Your identity (logo, fonts, colour palette, imagery and other visual elements) is what defines your appearance and the tone of your language, yes your voice is part of your identity. Your brand is what defines your relationship with your audience, we can design strategy that builds this relationship, but we can not design your brand—you must earn it.
Using both cleverly is how you reach out and garner a following…
I will touch on some of the exercises that help us set the key building blocks of the relationship we want to build with your audience. To keep things simple lets call the combination of these exercises a Brand Workout.
All kinds of things (most often budget or time) can put constraints on our workout and therefore the number of exercises we have time for, selecting the most suitable exercises will ultimately drive the best results.
We can use stage of business as a guideline as to how rigorous the workout needs to be.
Workout: Brand Creation
Stage: The earlier the better, hopefully during R&D
Whether you are a small business or a startup, there are all kinds of things that take precedent over brand, things like keeping the lights on and developing a great product!
But neglect your brand at your own peril: take a shot at selling an MP3 player with one button at the dawn of the new Millennium, with no brand. Or try your hand at selling some black sugary liquid with no brand.
If you are familiar with the startup space or have read anything about lean, you will have heard of Minimum Viable Product. MVP is the minimum amount of features that will drive adoption, and ultimately test your idea. If we adopt that mindset and use Minimum Viable Brand, we can test your identity and the tone of the relationship you want to build with your audience.
So what exercises are critical to MVB?
First you need to ensure you are solving a problem or making people’s lives easier—that you have something of value!
There are tools such as lean canvas that will help you do this nice and quick, the big thing here is to ensure product market fit—that you have something that has not been done before, that you have an advantage over the competition and most importantly that you have a market (as in people) who want this thing.
Phew… now that’s done we can set about our first crack at Brand Positioning:
what is your purpose?
what are your beliefs and values?
who is your audience and what relationship do you want to have with them?
You will need to create a few drafts here, and it will never be the final one.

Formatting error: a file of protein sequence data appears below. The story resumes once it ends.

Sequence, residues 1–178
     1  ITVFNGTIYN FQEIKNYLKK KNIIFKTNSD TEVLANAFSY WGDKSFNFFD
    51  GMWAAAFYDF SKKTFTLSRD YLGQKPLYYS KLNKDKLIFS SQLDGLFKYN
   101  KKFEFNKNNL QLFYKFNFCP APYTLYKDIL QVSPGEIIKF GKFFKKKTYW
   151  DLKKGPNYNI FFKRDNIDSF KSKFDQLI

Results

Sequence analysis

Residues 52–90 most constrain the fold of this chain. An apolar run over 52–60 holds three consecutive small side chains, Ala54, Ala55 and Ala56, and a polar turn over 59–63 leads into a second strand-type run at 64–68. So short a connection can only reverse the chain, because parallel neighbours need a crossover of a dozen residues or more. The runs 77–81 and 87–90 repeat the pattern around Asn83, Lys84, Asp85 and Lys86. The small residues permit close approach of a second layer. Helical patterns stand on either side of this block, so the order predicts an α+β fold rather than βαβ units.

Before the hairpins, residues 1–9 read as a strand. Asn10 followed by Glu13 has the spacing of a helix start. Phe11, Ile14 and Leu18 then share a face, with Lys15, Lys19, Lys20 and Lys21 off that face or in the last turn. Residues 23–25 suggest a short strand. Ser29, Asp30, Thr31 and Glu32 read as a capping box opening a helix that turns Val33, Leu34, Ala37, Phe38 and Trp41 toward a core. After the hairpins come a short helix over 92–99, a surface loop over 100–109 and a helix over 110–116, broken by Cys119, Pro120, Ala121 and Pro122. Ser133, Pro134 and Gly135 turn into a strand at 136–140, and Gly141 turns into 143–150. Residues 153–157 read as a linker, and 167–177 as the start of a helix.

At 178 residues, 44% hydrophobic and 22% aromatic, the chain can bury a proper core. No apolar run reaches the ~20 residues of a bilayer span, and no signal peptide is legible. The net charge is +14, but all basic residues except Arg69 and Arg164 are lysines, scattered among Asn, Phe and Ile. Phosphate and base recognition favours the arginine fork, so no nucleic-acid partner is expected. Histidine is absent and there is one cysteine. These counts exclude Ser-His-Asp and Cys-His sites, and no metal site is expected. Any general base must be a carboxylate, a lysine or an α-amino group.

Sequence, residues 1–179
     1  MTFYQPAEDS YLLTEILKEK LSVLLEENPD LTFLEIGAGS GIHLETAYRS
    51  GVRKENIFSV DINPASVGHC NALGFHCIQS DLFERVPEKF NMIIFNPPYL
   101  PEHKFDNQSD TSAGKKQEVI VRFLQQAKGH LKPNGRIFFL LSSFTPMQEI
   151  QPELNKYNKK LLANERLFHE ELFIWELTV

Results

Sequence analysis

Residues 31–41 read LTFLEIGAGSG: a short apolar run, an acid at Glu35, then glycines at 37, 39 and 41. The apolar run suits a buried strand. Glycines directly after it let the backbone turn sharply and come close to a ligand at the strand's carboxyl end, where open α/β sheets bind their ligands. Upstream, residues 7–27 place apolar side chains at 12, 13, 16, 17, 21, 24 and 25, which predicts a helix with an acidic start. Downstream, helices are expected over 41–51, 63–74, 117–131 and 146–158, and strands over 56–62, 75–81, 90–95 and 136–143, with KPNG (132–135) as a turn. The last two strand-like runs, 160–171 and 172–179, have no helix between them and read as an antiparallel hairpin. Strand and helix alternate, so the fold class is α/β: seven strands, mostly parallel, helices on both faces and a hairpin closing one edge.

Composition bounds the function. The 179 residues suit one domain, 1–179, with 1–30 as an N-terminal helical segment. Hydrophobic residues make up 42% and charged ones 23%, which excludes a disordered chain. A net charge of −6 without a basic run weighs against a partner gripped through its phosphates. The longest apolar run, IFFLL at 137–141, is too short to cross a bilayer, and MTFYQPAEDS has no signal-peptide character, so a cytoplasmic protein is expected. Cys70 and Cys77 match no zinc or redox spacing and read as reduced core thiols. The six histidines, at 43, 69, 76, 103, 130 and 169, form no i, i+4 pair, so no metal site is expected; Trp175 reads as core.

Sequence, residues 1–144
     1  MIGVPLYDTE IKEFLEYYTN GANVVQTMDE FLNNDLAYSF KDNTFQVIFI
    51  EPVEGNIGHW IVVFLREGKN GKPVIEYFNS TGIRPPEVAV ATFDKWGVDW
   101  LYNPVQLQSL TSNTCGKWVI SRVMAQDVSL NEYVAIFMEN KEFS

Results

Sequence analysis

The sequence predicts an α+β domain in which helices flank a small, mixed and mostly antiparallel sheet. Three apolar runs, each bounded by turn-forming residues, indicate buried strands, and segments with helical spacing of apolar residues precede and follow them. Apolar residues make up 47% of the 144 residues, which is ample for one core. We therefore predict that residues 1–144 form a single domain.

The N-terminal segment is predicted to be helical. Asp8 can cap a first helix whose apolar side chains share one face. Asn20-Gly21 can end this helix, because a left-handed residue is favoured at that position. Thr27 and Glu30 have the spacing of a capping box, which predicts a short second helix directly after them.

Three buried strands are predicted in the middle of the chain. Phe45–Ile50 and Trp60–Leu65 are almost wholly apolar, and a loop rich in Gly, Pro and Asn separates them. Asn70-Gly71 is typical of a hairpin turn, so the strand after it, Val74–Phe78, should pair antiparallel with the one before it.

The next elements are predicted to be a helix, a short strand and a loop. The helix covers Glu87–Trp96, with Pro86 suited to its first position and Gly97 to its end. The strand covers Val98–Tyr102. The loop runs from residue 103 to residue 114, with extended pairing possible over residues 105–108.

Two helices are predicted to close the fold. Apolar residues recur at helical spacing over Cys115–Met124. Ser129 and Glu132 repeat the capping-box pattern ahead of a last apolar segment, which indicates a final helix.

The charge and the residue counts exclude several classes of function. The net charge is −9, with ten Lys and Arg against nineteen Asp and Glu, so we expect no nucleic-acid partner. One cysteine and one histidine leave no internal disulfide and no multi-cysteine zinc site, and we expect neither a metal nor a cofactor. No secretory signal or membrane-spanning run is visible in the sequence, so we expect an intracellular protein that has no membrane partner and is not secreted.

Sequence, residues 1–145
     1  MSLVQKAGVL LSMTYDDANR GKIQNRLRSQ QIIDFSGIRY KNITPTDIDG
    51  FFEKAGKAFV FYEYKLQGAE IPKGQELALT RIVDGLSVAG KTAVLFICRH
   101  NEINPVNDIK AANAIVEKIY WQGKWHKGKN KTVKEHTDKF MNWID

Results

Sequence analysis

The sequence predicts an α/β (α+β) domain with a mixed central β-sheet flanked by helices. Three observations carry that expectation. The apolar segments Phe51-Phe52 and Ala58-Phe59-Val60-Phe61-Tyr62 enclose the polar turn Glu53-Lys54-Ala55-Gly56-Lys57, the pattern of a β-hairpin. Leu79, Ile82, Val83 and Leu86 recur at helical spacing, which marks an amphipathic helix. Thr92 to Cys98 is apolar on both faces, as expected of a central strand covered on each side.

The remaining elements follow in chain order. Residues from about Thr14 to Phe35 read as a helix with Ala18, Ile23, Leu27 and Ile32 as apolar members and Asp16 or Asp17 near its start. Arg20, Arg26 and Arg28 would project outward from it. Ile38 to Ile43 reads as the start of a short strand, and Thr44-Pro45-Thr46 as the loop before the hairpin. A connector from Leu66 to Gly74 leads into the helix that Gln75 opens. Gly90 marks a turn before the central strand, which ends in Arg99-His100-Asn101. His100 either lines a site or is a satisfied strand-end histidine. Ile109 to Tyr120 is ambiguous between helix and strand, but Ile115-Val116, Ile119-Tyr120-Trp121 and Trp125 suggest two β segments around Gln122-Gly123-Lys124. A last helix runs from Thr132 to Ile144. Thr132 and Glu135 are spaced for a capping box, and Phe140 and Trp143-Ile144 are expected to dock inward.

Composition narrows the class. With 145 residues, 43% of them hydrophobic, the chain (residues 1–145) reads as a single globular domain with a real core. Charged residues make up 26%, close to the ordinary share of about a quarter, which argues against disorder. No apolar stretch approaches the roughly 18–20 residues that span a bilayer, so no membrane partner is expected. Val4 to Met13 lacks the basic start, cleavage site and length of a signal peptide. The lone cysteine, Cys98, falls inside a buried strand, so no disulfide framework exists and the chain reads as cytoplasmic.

Now we can set about designing your identity, an identity that is worthy of your organization that speaks with your voice and inspires your audience.
Workout: Brand Refinement or 2.0
Stage: You have something, now lets build on it
You have some customers, you may even be making some money, even better than that you have started to earn some brand equity.
Now that you have had some airtime there is a wealth of interactions and data that you can shine a light on: this could be analytics sure, but it could also be the look on little Richie’s face last week. Chances are that everything has not been perfect, so for this audit lets look at what has worked and what hasn’t.
Time to refine that positioning, fine tune the specifics of your relationship and create something even stronger that you can stand by—a platform that you can build on, one that will position you as a leader in your market.
Depending on where you choose to build your relationships, we would define a strategy that outlines the flow of your audiences interactions with your organization, ensuring they know you care.
For example: Lets say you have a shop that sells ice cream, naturally the ice cream needs to be good, the shop spotless and glorious in it’s ice cream decor. But the thing that will keep little Ritchie coming back will be the numerous complimentary taste tests, the occasional freebie and the fact that you always post a pic of the days special to Instagram.
Workout: Brand Refresh
Stage: As soon as things start to feel a little stale
A refresh is often required as time goes by, but your core brand won’t change at all — your products promise the same quality and your audience still have the same needs.
We need to figure out if the best places to converse with your audience are still the same, do you have a teenage market that is suddenly spending every waking minute on Snapchat or the like? Does your voice and appearance still resonate, or have things gone a little stale? Drop shadows and gradients just aren’t cool right now. Perhaps your tongue in cheek language is coming across as just plain cheeky?
Whatever it is, your interactions need to have the right tone and happen in the right places.
Workout: The Pivot
Stage: Something isn’t clicking
The market has changed, some open source tech is no longer available, your margins are just not good enough — but you have a captivated audience, sweetened by some of that valuable brand equity.
What problem are we solving again? What are our customers needs? There are other ways that we can serve them and keep them engaged with our brand.
Workout: Born Again
Stage: You have lost your way
Unless you have successfully lost your way, you wouldn’t bother going down this road.
But you have done it, you have an empire and are raking it in, whooha! (Al Pacino in Scent of a Woman.) Something is missing — the fulfillment and satisfaction you were so sure your success would bring.
Time to travel back in time and remember why you did this in the first place, dig out that very first brand positioning draft and ask your younger self: What type of company do you want to build?
Brands often need a workout, selecting suitable exercises will trim up your brand and have it fighting fit again.
Never forget your values—always work with a team you like and trust—never cheat when it comes to brand relationships—you will be kicked out of bed forever…
…unless your brand is super sexy and ferociously fit.